In the heart of Lisbon, overlooking the lively Praça de Figueira, a hospital with a difference has been restoring dolls from Portgual—and the rest of the world—since 1830. Priyanka Sacheti pays a visit to this storied Portuguese institution.
“These are the plastic surgery rooms,” says Manuela Cutileiro of the two sunlit rooms overlooking the market square. A long table occupies each of them, with toy dolls in various states of dismemberment lying upon them, waiting to be brought to life again.
“We have a baby Jesus today, he came with a problem with his fingers,” Manuela continues. “The Hospital happens to be a poly-trauma unit. We have five doll surgeons here, all of whom have received certification.”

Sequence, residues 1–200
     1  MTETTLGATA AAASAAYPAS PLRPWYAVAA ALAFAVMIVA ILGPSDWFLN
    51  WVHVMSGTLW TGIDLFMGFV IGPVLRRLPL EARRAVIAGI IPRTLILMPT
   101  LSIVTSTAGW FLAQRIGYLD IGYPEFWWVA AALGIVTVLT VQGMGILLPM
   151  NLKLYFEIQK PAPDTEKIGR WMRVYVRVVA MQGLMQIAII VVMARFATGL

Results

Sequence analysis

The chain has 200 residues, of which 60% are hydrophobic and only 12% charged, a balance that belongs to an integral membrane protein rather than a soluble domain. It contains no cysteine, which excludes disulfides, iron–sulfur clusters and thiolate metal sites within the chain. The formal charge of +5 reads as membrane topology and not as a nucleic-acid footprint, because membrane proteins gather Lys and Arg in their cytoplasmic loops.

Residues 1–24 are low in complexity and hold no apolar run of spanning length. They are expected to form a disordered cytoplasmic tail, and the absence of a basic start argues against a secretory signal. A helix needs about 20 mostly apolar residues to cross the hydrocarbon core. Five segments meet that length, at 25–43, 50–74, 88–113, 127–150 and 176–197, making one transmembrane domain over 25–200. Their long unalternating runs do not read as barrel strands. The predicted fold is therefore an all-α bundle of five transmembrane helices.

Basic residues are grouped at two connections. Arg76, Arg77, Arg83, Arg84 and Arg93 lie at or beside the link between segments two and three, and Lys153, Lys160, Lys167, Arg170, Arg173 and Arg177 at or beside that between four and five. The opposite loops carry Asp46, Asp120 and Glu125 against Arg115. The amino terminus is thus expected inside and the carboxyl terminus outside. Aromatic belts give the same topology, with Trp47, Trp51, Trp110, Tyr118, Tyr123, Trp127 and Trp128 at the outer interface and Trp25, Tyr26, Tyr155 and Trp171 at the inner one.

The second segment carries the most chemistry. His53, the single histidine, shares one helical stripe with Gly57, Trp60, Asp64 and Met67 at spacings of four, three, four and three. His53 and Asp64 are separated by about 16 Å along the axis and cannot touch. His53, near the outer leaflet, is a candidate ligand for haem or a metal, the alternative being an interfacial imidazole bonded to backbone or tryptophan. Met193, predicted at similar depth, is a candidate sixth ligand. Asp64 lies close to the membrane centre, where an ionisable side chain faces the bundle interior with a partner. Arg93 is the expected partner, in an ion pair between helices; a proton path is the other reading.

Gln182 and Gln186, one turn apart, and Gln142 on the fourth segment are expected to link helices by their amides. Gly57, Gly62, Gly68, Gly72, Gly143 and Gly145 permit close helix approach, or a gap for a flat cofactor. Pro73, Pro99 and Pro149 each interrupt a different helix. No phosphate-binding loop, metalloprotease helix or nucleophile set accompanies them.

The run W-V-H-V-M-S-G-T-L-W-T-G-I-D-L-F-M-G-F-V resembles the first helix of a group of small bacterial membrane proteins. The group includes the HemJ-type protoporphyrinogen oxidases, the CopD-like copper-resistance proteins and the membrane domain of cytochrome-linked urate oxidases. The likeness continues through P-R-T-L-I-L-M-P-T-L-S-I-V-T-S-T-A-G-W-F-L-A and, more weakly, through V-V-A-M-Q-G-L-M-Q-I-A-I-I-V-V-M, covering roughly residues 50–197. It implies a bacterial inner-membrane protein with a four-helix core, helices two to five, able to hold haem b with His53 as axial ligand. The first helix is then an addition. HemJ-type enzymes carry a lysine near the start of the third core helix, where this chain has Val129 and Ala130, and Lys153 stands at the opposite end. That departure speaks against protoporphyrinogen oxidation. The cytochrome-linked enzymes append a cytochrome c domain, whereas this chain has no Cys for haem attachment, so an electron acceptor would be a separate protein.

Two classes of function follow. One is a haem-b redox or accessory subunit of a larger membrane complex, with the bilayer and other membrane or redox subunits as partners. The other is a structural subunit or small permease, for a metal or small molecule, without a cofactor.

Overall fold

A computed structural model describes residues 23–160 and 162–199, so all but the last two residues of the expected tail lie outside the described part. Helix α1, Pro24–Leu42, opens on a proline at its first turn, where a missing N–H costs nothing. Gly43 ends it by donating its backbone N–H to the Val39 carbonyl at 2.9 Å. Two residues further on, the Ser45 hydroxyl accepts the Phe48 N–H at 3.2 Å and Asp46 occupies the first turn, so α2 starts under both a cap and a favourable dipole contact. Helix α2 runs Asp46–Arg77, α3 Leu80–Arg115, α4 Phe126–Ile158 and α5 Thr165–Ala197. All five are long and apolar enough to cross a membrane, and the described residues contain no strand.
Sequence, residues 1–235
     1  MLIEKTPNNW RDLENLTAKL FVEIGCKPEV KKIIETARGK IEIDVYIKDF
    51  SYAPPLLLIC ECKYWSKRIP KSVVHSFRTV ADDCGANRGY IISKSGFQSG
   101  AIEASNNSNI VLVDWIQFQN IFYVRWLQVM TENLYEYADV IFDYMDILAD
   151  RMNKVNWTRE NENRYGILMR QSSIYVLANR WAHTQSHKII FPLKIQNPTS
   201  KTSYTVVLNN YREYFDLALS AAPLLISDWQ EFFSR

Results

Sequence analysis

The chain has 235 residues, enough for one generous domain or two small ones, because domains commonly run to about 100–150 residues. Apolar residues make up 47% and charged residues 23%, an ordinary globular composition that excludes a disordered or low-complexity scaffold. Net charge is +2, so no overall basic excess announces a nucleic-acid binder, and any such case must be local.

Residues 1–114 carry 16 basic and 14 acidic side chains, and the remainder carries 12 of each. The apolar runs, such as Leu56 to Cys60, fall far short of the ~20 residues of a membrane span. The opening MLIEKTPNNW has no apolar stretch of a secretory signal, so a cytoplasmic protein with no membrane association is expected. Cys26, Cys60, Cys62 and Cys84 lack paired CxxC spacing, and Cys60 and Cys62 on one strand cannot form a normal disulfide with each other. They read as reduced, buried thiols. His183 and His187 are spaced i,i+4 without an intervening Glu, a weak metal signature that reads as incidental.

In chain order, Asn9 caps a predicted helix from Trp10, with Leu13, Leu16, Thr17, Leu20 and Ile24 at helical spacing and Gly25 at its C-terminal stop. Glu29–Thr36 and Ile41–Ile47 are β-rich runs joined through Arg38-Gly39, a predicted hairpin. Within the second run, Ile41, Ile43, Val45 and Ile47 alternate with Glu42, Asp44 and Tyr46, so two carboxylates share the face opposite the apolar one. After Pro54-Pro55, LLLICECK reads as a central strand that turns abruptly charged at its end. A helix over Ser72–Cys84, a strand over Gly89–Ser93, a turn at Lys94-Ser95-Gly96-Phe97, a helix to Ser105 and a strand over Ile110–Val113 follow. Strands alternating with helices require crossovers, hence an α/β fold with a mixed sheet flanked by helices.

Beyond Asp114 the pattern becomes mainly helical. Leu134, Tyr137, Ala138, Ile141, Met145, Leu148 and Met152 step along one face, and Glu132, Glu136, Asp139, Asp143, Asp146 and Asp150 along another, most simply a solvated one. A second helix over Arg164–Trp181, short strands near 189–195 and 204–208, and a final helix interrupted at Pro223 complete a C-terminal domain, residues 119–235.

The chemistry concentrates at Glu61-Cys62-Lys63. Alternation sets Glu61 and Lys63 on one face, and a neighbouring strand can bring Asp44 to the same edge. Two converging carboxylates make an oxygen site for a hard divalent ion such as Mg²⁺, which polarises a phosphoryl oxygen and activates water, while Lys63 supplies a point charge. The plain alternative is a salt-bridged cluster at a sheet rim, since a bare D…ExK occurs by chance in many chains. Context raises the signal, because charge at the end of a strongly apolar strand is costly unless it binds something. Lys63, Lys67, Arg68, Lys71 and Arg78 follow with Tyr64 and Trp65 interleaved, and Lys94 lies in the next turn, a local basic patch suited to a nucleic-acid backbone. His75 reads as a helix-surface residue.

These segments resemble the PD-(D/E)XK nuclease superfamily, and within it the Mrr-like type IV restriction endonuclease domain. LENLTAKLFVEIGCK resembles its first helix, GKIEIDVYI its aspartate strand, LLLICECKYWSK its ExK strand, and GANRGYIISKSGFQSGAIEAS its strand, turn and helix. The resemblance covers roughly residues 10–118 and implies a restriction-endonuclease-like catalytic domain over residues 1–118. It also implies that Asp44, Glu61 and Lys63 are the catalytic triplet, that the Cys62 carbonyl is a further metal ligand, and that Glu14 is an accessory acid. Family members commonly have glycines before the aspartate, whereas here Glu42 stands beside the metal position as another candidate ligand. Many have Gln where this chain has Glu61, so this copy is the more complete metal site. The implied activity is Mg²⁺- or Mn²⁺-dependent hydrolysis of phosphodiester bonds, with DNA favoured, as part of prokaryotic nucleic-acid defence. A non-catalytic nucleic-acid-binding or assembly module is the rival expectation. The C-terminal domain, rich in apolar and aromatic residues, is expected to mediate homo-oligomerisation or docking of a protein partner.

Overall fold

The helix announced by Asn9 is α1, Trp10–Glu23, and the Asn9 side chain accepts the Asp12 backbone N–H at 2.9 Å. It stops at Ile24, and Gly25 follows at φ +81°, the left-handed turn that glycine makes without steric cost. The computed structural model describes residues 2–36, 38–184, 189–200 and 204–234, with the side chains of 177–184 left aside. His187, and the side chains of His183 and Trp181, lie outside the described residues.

It’s a warm Saturday afternoon and, outside, in Lisbon’s Praça de Figueira, the market is in full swing—overflowing with assorted goods from all over Portugal; a bevy of cheeses, wines, meats, pottery, and cork accessories. But here inside the Hospital de Bonecas (the doll hospital)—the world’s oldest—there’s little evidence of the commotion outside.
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